Meaning of Adultery
Adultery is voluntary sexual intercourse between a man and woman who are not married to each other but one of whom is a married person (Clarkson V Clarkson) 1930 (143 LT 775), 46 TLR 623
If your spouse is having had sexual intercourse with another women then you can apply for divorce on the basis of adultery.
Proof Of Adultery
It is hard for a petitioner to produce an independent witness who had actually seen the respondent committing adultery, therefore proof is normally indirect:
Types of Evidence commonly used are as follows:
a) Confessions and Admissions
In normal a confession statement to be obtained from the respondent and if possible then from the co-respondent as well admitting adultery and setting out briefly the circumstances in which it took place. These days the acknowledgement of service forms used by respondents and co-respondents in adultery cases ask the question ‘do you admit the adultery alleged in the petition?’
b) Circumstantial evidence
i) Evidence that the respondent and another woman are living together as man and wife. The petitioner may be able to state this form her own observations otherwise she may be able to produce an independent witness of her own to the fact.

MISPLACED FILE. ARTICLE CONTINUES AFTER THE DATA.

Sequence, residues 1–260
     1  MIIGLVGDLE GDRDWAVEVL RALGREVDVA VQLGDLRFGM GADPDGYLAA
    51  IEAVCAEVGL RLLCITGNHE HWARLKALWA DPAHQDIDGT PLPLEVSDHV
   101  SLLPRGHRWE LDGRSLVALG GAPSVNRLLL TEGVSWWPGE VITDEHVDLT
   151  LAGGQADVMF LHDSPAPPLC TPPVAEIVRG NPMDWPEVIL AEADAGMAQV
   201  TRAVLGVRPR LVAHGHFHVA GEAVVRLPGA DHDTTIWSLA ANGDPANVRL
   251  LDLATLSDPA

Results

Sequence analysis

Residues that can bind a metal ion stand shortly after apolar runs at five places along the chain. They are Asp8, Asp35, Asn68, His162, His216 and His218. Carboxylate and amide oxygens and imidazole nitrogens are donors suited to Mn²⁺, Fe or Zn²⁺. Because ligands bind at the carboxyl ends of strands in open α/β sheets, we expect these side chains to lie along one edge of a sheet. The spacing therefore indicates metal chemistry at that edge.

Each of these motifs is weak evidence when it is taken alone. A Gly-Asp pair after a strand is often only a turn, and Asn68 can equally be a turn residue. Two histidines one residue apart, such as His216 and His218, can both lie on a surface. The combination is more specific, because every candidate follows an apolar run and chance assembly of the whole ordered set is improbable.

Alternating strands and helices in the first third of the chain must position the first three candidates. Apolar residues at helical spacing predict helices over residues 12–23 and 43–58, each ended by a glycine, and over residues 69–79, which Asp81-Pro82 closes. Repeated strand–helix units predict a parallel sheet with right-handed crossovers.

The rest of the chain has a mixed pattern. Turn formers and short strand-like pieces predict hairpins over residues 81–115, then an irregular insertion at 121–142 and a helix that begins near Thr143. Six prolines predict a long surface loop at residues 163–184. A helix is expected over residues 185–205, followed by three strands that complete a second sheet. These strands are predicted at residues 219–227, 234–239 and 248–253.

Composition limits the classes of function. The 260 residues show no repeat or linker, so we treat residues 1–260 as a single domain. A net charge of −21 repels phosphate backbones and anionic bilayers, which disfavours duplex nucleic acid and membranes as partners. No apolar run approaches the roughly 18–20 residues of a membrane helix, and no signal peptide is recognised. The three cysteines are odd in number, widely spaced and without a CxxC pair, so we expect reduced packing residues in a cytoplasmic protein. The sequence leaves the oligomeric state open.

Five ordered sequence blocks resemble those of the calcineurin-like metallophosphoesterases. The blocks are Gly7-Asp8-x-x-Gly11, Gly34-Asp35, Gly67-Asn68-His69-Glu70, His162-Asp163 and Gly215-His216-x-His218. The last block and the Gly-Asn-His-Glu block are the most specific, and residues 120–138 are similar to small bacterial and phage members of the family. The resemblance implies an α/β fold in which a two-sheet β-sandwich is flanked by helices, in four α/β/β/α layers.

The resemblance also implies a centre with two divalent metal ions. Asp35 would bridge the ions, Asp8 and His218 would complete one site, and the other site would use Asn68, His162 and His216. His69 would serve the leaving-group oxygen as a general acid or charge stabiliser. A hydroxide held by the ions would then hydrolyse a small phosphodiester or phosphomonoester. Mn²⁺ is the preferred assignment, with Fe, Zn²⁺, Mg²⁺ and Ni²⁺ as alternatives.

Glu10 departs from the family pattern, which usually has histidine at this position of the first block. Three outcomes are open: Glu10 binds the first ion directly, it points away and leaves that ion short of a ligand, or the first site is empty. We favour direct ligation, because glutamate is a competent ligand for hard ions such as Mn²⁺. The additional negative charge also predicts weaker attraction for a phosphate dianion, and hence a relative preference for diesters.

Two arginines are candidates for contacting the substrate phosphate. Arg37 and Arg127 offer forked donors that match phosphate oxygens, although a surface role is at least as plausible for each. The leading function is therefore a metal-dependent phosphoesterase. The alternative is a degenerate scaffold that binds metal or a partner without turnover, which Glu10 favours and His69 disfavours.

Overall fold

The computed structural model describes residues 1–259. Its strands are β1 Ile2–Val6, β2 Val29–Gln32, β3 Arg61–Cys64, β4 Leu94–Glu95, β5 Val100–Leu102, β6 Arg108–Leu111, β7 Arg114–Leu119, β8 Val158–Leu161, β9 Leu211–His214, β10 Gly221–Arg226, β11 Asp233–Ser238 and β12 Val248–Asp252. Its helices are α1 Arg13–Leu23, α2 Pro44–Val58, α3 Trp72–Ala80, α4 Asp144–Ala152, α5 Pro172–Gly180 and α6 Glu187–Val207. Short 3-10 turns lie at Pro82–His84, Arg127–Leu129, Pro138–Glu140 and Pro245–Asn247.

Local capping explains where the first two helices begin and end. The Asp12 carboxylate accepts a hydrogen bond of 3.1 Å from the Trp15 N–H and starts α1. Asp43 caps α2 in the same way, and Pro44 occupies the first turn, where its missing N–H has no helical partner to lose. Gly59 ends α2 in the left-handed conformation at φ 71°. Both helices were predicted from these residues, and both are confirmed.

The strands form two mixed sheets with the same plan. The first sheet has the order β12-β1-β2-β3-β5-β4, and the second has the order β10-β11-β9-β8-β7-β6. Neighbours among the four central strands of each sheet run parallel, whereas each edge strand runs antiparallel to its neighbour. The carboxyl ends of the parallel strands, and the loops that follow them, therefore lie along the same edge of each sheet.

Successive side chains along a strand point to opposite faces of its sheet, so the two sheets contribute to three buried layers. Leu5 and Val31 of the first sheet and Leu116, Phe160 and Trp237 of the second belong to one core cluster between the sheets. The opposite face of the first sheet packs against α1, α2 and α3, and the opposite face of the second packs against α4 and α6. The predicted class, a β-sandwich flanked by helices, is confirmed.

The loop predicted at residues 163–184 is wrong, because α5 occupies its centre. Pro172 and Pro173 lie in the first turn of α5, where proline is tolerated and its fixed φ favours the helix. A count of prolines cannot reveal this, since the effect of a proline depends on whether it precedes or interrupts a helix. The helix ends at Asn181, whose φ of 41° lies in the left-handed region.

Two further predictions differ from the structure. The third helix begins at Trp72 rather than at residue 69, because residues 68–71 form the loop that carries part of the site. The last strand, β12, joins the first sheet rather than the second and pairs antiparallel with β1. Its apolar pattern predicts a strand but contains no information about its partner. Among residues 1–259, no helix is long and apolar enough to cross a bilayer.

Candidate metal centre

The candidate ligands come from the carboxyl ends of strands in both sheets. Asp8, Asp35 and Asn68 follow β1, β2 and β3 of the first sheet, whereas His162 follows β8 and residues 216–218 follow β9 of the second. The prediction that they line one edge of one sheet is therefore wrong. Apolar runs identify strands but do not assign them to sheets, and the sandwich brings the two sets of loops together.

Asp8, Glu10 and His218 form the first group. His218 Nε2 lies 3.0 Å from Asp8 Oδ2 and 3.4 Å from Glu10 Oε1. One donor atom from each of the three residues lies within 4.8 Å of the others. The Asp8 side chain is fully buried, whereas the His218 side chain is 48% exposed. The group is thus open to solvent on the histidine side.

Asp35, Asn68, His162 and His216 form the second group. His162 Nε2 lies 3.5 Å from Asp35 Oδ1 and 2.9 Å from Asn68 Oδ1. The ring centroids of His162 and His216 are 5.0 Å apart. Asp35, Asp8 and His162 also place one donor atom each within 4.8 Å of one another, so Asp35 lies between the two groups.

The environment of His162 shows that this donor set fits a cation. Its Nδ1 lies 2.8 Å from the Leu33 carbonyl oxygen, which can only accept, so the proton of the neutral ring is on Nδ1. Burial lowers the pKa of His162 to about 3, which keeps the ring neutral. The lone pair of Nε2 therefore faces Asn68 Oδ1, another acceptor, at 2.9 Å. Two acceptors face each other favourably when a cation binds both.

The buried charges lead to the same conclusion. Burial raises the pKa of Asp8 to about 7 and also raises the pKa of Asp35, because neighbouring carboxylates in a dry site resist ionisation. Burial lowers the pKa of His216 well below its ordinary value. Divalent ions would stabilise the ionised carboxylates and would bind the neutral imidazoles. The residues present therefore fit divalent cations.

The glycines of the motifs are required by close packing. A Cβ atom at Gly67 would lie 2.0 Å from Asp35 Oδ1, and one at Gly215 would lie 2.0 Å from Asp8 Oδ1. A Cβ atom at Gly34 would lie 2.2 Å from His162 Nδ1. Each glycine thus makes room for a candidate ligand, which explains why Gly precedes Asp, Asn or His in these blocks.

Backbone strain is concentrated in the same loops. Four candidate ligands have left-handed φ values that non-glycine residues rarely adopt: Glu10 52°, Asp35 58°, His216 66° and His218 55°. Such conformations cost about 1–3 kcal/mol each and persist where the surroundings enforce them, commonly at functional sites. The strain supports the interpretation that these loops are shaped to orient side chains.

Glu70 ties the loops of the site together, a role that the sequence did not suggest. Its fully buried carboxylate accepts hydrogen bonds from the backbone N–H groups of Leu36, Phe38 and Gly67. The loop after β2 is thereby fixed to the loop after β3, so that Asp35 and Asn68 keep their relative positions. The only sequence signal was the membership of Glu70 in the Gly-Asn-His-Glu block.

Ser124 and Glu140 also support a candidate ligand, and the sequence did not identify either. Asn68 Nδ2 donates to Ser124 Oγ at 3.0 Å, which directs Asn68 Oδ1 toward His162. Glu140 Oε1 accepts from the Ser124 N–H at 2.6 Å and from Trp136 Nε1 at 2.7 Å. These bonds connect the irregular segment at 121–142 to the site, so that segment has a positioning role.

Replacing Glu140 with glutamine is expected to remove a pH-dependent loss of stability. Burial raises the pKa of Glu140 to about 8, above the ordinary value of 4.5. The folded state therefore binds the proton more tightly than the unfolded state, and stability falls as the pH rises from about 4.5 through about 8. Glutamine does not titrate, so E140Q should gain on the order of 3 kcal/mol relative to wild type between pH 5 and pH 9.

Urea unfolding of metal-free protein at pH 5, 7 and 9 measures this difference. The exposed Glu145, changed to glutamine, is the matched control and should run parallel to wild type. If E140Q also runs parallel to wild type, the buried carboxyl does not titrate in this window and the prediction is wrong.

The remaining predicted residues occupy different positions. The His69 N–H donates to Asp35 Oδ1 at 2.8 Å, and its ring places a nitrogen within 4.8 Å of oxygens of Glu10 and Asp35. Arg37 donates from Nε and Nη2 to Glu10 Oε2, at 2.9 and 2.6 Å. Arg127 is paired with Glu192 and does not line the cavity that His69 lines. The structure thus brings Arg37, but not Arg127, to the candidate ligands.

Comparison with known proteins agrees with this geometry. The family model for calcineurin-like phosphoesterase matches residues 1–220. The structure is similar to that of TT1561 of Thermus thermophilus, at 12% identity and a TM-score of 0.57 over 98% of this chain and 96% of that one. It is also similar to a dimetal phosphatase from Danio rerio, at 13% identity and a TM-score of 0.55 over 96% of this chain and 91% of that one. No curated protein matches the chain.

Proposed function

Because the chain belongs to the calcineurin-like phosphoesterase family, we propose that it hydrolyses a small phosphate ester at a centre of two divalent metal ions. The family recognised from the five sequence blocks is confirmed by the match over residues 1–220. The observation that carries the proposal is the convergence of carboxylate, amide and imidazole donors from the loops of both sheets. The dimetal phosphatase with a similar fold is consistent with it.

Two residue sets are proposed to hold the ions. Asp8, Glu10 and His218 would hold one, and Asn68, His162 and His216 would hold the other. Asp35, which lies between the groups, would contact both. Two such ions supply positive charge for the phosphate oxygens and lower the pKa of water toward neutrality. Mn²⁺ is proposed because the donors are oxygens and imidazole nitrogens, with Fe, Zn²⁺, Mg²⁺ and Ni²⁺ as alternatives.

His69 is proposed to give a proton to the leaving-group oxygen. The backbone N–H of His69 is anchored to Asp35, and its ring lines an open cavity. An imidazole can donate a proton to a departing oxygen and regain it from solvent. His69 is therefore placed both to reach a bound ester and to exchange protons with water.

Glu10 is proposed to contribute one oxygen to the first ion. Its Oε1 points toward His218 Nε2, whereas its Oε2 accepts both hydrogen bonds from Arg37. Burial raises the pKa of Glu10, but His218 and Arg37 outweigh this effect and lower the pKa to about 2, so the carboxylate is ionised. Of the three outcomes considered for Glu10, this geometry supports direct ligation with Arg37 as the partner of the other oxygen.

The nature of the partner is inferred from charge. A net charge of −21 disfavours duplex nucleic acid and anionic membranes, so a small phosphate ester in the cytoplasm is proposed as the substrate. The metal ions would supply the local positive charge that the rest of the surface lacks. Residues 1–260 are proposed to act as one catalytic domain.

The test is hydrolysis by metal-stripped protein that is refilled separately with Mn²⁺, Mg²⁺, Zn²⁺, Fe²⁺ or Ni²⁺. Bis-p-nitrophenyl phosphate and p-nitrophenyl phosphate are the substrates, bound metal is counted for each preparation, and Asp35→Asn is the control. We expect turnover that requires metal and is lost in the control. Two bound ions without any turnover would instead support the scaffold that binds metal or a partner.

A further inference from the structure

ii) Evidence that the woman has given birth to a child of the respondent which can be further corroborated by the DNA report and child birth certificate.
Adultery is one of the dominating reason of divorce alongside unreasonable behaviour in the United kingdom
it is quite hard to prove adultery, however if you contact our firm of solicitors who specialise in family (divorce) proceedings and serving clients since 2008 then you will not be disappointed. Our head office is based in London whilst branch office is in Cardiff. So for professional and reasonable advice contact our experts team of family law solicitors